5 Reasons to Tackle Difficult Topics in Our Homeschool

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5 Tips for Tackling Difficult Topics Early

"Thank you, Sonlight, for making homeschooling so doable for our family and so rewarding to my mother's heart! We just can't put a price tag on our joyful moments together!"

The M. family of North Fairfield, OH

We began our Sonlight journey when my oldest was in second grade, so we started on History / Bible / Literature (HBL) B & C: Intro to World History, Condensed. To this day, it is still one of my all-time favorite levels of study. There’s probably some nostalgia involved in this bias, but my love of Level B &C also was the beginning of a whole new philosophy of learning. 

Until that point, I believed that it was my job to shelter my children from the evils of the world. I would even shy away from Bible stories that had less-than-happy themes....and then we began reading the World History book in Level B &C. It was a great book, but I must say that I was very tempted to cover up naked bodies and soften the blow of some of the more difficult parts of history. I resisted the urge though, and I am so glad that I did. 

Later, my resolve was once again tested particularly in HBL D. We began the book, Incans, Aztecs, Mayans, and I wasn’t so sure about any of it. Within the first few chapters, we had already covered human sacrifice. Human sacrifice. Once again, I am so thankful that we forged ahead with our study. Our kids are better for having read this book.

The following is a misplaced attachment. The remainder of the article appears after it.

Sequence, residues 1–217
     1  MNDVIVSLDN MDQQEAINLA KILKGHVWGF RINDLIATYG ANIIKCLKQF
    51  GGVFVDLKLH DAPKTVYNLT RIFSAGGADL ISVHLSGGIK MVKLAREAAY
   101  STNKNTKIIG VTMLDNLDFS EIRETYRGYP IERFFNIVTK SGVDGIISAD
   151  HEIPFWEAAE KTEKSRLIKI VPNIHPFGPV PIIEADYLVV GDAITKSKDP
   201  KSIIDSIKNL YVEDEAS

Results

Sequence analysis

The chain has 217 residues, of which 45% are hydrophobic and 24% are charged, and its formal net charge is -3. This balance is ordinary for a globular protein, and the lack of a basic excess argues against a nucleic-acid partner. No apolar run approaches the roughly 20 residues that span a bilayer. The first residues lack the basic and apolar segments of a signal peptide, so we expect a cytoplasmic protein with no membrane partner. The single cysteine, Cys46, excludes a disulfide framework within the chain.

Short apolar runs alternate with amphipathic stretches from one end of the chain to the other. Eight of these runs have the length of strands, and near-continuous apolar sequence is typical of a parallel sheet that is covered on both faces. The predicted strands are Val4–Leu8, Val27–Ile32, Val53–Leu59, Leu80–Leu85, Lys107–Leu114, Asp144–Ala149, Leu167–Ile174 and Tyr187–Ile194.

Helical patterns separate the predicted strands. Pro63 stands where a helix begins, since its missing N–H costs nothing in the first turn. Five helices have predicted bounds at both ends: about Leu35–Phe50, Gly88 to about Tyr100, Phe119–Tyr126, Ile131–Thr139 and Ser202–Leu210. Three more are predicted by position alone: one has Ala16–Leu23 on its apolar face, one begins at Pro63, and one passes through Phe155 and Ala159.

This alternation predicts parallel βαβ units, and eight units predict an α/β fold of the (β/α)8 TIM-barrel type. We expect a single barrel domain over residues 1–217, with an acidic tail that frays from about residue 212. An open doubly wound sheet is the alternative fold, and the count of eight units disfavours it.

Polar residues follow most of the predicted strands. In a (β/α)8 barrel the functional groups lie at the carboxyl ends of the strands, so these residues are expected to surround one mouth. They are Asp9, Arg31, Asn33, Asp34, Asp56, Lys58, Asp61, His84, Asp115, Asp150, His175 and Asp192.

We haven’t shied away from difficult topics now in seven years, and here’s why I am thankful that we made the choice to tackle these topics head-on with the help of Sonlight.

1. If We Don’t Talk To Them, Someone Else Will

My husband and I have long believed that if we don’t talk to our kids about the tough stuff, someone else will. Most likely, it will be a peer with a differing worldview, who is badly misinformed. We’ve found that kids love to talk to kids about topics they know nothing about. So we decided that it’s best if we take a proactive approach to difficult topics. 

Sonlight helps us do this. The many Read-Alouds give us plenty of opportunity to explore these topics with our children. We have found that our children feel confident when presented with tough topics elsewhere, and are able to vocalize their thoughts and opinions on these subjects with grace and a good measure of wisdom for their age. 

2. If We Sugarcoat History, It Will Repeat Itself

I was so happy a couple of years ago when we started HBL F and discovered the book, Breaking Stalin’s Nose. As we made our way through this masterfully woven story, we pondered the difficulty of standing up for what’s right against a frightening authority. We talked about how easy it can be to become sucked in to an agenda rather than truly evaluating the morality of the situation.

We have read plenty of books through our Sonlight programs that have taught us the importance of evaluating right from wrong. This skill helps children to make wise decisions in our world. History has already repeated itself too many times throughout the cycles of our world. In order to stop these cycles in our own children, we need to study history closely—the good, the bad, and the ugly—and teach our children the mistakes of history so they can be avoided.